This year’s festival encourages the participation of an international audience by hosting talks from researchers and practitioners around the world in an online event. Talks will last between 20-30 minutes and focus on work involving a science-based people-centred approach to the built environment.
The Right to the City is Henri Lefebvre's call to action to reclaim the city as a co-created space, allowing urban dwellers to remodel their surroundings, and therefore themselves. As Lefebvre stated, a new approach to urbanism must “rescue the citizen as main element and protagonist of the city that he himself had built”. The Right to the City was recognised by the United Nation's New Urban Agenda (2016) as the vision of "cities for all".
Kate has worked for a variety of private sector and international humanitarian and development organisations on water, sanitation and shelter. In the UK, Kate has worked on the design of eco-buildings, as a university teaching fellow, and in two start-ups.
Kate will talk about her practice and research as an engineer and aid worker and reflect on what it might mean in our technical conversations about cities if we ignore power, race, gender and history. Kate will explore how built environment professionals help to create the narratives of urban risk and disasters and how this plays into the discourse of international humanitarian intervention. The paradoxes in the ways we talk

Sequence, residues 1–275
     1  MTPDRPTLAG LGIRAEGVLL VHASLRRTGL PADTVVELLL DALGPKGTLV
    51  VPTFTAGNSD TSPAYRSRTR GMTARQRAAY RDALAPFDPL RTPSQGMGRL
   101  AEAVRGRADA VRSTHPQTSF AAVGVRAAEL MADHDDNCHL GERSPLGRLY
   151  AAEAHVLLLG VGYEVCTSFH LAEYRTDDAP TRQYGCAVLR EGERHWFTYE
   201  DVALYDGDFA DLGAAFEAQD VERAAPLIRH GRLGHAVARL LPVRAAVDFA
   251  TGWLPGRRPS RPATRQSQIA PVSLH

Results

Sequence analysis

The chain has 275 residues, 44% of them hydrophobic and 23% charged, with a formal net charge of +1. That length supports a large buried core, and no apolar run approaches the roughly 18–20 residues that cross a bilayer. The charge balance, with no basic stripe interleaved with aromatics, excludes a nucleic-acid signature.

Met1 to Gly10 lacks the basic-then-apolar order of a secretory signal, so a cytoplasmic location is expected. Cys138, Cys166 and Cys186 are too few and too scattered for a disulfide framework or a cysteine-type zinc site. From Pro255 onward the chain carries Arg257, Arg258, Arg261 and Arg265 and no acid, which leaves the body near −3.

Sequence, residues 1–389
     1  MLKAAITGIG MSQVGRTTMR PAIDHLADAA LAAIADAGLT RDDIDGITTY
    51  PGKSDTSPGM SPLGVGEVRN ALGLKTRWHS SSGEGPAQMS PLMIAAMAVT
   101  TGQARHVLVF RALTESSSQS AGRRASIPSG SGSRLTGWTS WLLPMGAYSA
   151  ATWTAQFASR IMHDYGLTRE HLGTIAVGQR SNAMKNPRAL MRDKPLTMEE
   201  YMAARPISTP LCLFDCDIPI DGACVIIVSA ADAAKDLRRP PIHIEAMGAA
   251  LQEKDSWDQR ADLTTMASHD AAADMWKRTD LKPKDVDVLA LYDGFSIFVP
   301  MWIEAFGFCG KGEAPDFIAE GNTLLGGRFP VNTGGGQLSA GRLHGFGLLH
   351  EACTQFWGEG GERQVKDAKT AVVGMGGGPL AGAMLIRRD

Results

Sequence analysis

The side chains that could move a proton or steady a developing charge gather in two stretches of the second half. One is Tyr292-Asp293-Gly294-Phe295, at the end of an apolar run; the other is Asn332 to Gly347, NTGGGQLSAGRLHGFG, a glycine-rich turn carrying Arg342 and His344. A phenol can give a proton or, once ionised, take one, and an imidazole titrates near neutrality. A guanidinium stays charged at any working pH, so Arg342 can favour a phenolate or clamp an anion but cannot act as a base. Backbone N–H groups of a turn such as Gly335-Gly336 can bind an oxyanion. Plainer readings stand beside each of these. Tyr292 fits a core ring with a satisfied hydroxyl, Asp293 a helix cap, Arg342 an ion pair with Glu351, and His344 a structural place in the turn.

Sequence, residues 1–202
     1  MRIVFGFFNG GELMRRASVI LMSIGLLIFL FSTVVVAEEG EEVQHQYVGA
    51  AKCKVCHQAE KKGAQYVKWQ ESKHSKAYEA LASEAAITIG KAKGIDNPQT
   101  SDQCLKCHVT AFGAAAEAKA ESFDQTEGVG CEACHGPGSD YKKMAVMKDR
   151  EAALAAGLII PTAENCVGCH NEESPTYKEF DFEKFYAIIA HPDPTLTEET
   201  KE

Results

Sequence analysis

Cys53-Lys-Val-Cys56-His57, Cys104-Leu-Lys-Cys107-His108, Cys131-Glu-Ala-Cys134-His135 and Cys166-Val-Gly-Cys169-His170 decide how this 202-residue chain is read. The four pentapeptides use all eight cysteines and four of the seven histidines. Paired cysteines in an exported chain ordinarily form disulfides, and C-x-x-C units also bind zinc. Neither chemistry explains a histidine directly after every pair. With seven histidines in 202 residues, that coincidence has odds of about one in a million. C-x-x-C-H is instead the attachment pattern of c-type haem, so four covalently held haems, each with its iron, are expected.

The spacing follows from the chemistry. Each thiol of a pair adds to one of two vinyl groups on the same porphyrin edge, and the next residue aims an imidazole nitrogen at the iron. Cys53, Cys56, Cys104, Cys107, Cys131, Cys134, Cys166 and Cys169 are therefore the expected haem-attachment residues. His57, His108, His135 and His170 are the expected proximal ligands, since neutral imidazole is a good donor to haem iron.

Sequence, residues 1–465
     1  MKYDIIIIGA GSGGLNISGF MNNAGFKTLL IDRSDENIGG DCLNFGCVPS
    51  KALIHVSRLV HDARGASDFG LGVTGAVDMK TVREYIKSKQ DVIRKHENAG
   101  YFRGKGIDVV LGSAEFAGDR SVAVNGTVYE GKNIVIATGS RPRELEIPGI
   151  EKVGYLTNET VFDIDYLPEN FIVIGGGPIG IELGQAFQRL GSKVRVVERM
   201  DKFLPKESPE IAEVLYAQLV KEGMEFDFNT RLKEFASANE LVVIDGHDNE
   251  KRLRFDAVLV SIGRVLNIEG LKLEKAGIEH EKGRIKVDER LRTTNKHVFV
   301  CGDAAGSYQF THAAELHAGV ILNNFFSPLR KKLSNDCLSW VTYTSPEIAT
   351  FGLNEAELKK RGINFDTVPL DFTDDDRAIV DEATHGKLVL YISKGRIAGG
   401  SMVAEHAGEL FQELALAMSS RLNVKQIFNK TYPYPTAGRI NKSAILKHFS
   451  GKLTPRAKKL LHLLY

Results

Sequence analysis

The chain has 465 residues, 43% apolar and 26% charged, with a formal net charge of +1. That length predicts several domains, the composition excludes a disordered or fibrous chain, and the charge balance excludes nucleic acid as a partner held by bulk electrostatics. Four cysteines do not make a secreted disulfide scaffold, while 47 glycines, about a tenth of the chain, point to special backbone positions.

about working in, conceptualising and fixing spaces in a city should also have contemporary resonance in London's conversations about smart, resilient and feminist cities.
Professor of Early Intervention in Mental Health, KCL
Andrea's research involves the integration of machine learning techniques with neuroimaging data, with the aim of developing and validating novel tools for the diagnosis and treatment of psychiatric disorders.
Urban Mind: In the past few years he has pursued a new line of research involving the use of smartphone technologies to monitor the impact of the surrounding environment on mental wellbeing as people go about their daily life.
Adam is Founder and Executive Creative Director for pioneering Experience Masterplanners FreeState, he is Global Head of Design at leading international design practice Hassell, he is internationally recognised as an expert in experience design and is personally responsible for storyboarding some of the world's greatest brands.